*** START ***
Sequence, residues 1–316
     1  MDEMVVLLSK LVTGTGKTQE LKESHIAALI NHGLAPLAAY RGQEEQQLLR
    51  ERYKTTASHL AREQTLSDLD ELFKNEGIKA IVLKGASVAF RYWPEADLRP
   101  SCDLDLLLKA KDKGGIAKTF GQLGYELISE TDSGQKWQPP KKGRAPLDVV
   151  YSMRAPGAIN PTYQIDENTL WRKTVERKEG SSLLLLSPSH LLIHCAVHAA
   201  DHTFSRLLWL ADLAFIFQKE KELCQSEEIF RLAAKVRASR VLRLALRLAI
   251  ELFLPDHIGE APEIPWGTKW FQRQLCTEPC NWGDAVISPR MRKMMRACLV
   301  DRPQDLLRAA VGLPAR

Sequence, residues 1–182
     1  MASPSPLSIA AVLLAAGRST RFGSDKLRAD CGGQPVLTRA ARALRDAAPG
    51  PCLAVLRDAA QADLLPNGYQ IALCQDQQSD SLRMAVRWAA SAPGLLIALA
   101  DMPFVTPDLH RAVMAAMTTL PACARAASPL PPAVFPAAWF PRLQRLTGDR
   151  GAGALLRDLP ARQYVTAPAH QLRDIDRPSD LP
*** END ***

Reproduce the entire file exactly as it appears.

Sequence, residues 1–316
     1  MDEMVVLLSK LVTGTGKTQE LKESHIAALI NHGLAPLAAY RGQEEQQLLR
    51  ERYKTTASHL AREQTLSDLD ELFKNEGIKA IVLKGASVAF RYWPEADLRP
   101  SCDLDLLLKA KDKGGIAKTF GQLGYELISE TDSGQKWQPP KKGRAPLDVV
   151  YSMRAPGAIN PTYQIDENTL WRKTVERKEG SSLLLLSPSH LLIHCAVHAA
   201  DHTFSRLLWL ADLAFIFQKE KELCQSEEIF RLAAKVRASR VLRLALRLAI
   251  ELFLPDHIGE APEIPWGTKW FQRQLCTEPC NWGDAVISPR MRKMMRACLV
   301  DRPQDLLRAA VGLPAR

Sequence, residues 1–182
     1  MASPSPLSIA AVLLAAGRST RFGSDKLRAD CGGQPVLTRA ARALRDAAPG
    51  PCLAVLRDAA QADLLPNGYQ IALCQDQQSD SLRMAVRWAA SAPGLLIALA
   101  DMPFVTPDLH RAVMAAMTTL PACARAASPL PPAVFPAAWF PRLQRLTGDR
   151  GAGALLRDLP ARQYVTAPAH QLRDIDRPSD LP